|Title||Strangers in the Night: Nightlife Studies and New Urban Tourism|
This paper draws together recent scholarship from the study of urban tourism and nightlife. Though studies of urban tourism do not always specifically address nightlife, and likewise studies of the night and nightlife do not always examine tourism, both bodies of research overlap in important ways. Concerns about commercialisation, gentrification, displacement, and urban change are to be found in both bodies of research. However, while the study of urban tourism typically recognises the erasure of the host / guest binary and seeks to destabilise the notion of who is a tourist or stranger, studies of nightlife often rest on a much clearer distinction between who belongs and who does not. An argument proposed here is that while the host / guest, tourist / non-tourist binary is perhaps reconfiguring, the night and nightlife spaces reinstate these binaries in various ways. This paper thinks through debates about tourists and residents in the night, focusing in particular on questions of belonging, place identification and gentrification through night-time uses.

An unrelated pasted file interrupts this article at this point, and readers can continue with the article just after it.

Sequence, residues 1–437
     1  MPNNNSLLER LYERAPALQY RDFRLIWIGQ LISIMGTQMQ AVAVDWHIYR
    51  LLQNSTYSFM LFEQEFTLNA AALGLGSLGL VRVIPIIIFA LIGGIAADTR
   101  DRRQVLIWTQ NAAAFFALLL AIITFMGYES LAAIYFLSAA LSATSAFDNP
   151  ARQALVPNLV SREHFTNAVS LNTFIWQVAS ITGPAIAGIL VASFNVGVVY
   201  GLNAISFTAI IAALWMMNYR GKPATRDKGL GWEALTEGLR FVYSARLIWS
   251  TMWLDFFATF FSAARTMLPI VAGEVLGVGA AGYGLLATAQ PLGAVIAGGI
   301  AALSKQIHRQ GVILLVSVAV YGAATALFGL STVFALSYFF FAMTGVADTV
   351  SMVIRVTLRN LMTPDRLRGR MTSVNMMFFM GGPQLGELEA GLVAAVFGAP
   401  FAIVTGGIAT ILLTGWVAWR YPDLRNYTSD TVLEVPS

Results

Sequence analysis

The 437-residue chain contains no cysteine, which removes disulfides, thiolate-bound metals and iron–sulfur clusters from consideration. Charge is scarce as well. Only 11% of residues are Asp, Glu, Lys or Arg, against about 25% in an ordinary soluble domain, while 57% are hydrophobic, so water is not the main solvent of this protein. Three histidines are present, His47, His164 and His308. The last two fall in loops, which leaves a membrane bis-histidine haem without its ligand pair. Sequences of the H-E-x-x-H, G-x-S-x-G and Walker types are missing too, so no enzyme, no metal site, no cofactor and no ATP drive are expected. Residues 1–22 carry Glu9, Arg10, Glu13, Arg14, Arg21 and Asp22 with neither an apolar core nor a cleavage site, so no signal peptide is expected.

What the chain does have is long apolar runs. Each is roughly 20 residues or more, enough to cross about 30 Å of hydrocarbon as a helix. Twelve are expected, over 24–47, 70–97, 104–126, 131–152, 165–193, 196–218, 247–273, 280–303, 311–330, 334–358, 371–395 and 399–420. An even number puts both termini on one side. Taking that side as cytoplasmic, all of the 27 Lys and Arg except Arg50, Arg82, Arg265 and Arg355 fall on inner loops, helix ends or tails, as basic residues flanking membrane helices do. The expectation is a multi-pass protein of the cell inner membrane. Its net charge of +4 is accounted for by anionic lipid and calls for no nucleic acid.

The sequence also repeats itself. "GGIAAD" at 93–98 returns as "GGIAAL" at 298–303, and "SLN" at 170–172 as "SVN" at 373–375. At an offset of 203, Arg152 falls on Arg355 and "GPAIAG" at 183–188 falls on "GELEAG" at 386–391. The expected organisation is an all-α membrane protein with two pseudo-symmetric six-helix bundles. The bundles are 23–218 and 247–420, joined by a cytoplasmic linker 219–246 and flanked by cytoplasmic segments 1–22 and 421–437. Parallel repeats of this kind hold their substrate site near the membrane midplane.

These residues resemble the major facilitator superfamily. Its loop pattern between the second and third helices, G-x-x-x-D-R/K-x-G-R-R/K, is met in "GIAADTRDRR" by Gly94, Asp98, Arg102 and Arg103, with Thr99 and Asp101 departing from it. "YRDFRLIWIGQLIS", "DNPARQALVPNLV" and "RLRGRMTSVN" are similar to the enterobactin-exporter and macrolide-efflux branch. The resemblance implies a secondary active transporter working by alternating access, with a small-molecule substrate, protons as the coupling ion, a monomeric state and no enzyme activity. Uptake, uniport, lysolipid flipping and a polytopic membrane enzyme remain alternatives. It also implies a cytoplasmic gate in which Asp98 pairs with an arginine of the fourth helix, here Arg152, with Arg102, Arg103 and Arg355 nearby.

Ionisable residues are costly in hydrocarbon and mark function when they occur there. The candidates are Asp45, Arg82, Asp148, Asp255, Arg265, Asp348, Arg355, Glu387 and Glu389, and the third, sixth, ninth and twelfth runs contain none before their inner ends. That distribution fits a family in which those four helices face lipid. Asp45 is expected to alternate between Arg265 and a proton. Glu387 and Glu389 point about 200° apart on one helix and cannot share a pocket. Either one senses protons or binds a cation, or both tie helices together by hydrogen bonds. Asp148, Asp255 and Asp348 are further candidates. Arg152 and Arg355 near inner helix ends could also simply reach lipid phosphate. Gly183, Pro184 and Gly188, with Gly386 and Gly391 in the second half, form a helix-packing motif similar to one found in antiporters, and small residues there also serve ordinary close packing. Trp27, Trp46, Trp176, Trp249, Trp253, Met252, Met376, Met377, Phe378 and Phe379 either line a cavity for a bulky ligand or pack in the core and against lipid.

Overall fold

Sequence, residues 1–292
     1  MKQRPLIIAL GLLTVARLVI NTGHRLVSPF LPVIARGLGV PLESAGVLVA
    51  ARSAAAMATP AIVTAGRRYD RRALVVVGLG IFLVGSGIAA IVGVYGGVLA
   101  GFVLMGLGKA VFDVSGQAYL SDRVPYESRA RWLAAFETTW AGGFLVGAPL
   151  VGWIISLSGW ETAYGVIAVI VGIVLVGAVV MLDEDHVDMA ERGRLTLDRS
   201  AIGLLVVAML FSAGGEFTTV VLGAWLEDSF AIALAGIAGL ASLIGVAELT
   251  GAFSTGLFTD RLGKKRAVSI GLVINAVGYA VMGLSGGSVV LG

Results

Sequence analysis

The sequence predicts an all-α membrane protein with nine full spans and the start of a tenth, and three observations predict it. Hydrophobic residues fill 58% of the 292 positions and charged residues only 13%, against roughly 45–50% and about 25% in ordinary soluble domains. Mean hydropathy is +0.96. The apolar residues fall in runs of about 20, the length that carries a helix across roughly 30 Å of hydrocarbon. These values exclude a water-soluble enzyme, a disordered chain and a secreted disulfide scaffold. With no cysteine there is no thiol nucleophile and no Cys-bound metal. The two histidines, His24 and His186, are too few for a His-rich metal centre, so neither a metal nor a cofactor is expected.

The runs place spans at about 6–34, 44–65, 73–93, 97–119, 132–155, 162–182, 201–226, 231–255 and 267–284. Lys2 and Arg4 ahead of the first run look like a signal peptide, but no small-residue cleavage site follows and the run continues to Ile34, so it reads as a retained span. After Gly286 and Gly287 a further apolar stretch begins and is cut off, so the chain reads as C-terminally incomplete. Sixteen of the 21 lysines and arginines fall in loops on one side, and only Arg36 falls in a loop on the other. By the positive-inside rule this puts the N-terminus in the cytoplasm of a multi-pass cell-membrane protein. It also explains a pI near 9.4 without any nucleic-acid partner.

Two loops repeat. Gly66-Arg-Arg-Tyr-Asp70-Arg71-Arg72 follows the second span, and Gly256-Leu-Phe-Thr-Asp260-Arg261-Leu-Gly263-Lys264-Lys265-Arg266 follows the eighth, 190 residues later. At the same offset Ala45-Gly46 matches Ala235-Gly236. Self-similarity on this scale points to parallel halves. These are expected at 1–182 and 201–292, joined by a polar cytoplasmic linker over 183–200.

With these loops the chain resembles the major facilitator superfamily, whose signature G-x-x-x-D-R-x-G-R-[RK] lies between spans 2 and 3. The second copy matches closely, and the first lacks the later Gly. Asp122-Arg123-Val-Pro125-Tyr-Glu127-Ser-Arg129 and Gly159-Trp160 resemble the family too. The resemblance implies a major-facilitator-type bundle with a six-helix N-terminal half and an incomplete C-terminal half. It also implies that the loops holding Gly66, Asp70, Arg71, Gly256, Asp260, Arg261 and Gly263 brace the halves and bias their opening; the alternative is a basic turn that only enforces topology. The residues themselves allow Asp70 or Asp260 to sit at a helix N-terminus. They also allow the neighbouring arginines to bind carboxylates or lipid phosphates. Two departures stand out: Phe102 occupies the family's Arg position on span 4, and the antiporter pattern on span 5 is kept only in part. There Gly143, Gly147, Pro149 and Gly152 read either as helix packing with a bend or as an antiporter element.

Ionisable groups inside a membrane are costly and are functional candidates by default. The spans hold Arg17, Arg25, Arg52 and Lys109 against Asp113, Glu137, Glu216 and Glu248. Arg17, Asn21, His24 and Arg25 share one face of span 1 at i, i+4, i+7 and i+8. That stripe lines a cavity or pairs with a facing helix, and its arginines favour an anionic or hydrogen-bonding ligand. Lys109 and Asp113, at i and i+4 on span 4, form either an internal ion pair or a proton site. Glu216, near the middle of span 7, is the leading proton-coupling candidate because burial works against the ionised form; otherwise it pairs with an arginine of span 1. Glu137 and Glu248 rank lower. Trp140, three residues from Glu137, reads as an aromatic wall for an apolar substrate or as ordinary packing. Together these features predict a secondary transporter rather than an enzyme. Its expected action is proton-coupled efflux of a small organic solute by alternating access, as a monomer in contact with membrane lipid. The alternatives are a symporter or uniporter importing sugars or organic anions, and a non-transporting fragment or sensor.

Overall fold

|Keywords||urban tourism; night-time economy; mobility|
|Journal||Journal of Policy Research in Tourism, Leisure and Events|
|Publisher||Taylor & Francis|
|Digital Object Identifier (DOI)||doi:10.1080/19407963.2019.1583666|